„I agree as to the doubtful value of competitive examination. The qualities which you really want, viz., self-control, self-reliance, habits of accurate thought, integrity and what you generally call trustworthiness, are not decided by competitive examination, which test little else than the memory.“

—  Florence Nightingale

Quelle: Letter to Lord Stanley (May 17, 1857), published in Florence Nightingale on Wars and the War Office: Collected Works of Florence Nightingale. Vol. 15 (2011), edited by Lynn McDonald, p. 265. ( online on google books https://books.google.at/books?id=NvJ0CwAAQBAJ&pg=PA265)

„In it and in the other prayers of the Mystics there is scarcely a petition. There is never a word of the theory that God's dealings with us are to show His "power"; still less of the theory that "of His own good pleasure" He has " predestined" any souls to eternal damnation.“

—  Florence Nightingale

Notes from Devotional Authors of the Middle Ages (1873-1874)
Kontext: These old Mystics whom we call superstitious were far before us in their ideas of God and of prayer (that is of our communion with God). "Prayer," says a mystic of the 16th century, "is to ask not what we wish of God, but what God wishes of us." "Master who hast made and formed the vessel of the body of Thy creature, and hast put within so great a treasure, the Soul, which bears the image of Thee": so begins a dying prayer of the 14th century. In it and in the other prayers of the Mystics there is scarcely a petition. There is never a word of the theory that God's dealings with us are to show His "power"; still less of the theory that "of His own good pleasure" He has " predestined" any souls to eternal damnation. There is little mention of heaven for self; of desire of happiness for self, none. It is singular how little mention there is either of "intercession " or of " Atonement by Another's merits." True it is that we can only create a heaven for ourselves and others "by the merits of Another," since it is only by working in accordance with God's Laws that we can do anything. But there is nothing at all in these prayers as if God's anger had to be bought off, as if He had to be bribed into giving us heaven by sufferings merely "to satisfy God's justice." In the dying prayers, there is nothing of the "egotism of death." It is the reformation of God's church—that is, God's children, for whom the self would give itself, that occupies the dying thoughts. There is not often a desire to be released from trouble and suffering. On the contrary, there is often a desire to suffer the greatest suffering, and to offer the greatest offering, with even greater pain, if so any work can be done. And still, this, and all, is ascribed to God's goodness. The offering is not to buy anything by suffering, but — If only the suppliant can do anything for God's children!
These suppliants did not live to see the " reformation" of God's children. No more will any who now offer these prayers. But at least we can all work towards such practical " reformation." The way to live with God is to live with Ideas — not merely to think about ideals, but to do and suffer for them. Those who have to work on men and women must above all things have their Spiritual Ideal, their purpose, ever present. The "mystical " state is the essence of common sense.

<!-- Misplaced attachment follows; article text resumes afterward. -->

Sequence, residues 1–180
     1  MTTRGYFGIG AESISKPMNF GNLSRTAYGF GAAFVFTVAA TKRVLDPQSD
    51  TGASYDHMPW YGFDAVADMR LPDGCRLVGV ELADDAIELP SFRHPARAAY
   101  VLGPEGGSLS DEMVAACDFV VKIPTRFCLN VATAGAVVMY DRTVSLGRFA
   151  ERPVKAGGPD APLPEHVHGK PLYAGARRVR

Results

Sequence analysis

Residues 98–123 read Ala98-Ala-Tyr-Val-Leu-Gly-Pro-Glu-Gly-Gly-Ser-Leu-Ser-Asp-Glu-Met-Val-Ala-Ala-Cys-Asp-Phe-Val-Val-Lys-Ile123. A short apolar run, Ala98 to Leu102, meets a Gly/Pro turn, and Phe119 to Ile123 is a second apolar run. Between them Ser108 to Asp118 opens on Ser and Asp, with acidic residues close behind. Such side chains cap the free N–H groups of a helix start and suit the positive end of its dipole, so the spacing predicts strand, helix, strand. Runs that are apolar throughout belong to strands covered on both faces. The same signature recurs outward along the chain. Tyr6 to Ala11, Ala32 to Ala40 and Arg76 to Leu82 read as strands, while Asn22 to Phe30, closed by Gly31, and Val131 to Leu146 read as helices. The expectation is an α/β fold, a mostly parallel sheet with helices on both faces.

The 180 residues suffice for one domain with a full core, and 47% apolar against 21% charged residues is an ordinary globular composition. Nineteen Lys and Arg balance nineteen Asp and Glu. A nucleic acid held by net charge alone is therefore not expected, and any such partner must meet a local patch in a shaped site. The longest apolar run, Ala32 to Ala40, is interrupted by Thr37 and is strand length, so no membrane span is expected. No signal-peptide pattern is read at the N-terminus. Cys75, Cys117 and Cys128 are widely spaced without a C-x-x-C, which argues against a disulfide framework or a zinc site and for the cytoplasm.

„I use the word nursing for want of a better.“

—  Florence Nightingale

Notes on Nursing (1860)
Kontext: I use the word nursing for want of a better. It has been limited to signify little more than the administration of medicines and the application of poultices. It ought to signify the proper use of fresh air, light, warmth, cleanliness, quiet, and the proper selection and administration of diet — all at the least expense of vital power to the patient.

„Give us back our suffering, we cry to Heaven in our hearts — suffering rather than indifferentism; for out of nothing comes nothing. But out of suffering may come the cure. Better have pain than paralysis!“

—  Florence Nightingale

Cassandra (1860)
Kontext: Give us back our suffering, we cry to Heaven in our hearts — suffering rather than indifferentism; for out of nothing comes nothing. But out of suffering may come the cure. Better have pain than paralysis! A hundred struggle and drown in the breakers. One discovers the new world. But rather, ten times rather, die in the surf, heralding the way to that new world, than stand idly on the shore!

„There is a physical, not moral, impossibility of supplying the wants of the intellect in the state of civilisation at which we have arrived.“

—  Florence Nightingale

Cassandra (1860)
Kontext: There is a physical, not moral, impossibility of supplying the wants of the intellect in the state of civilisation at which we have arrived. The stimulus, the training, the time, are all three wanting to us; or, in other words, the means and inducements are not there.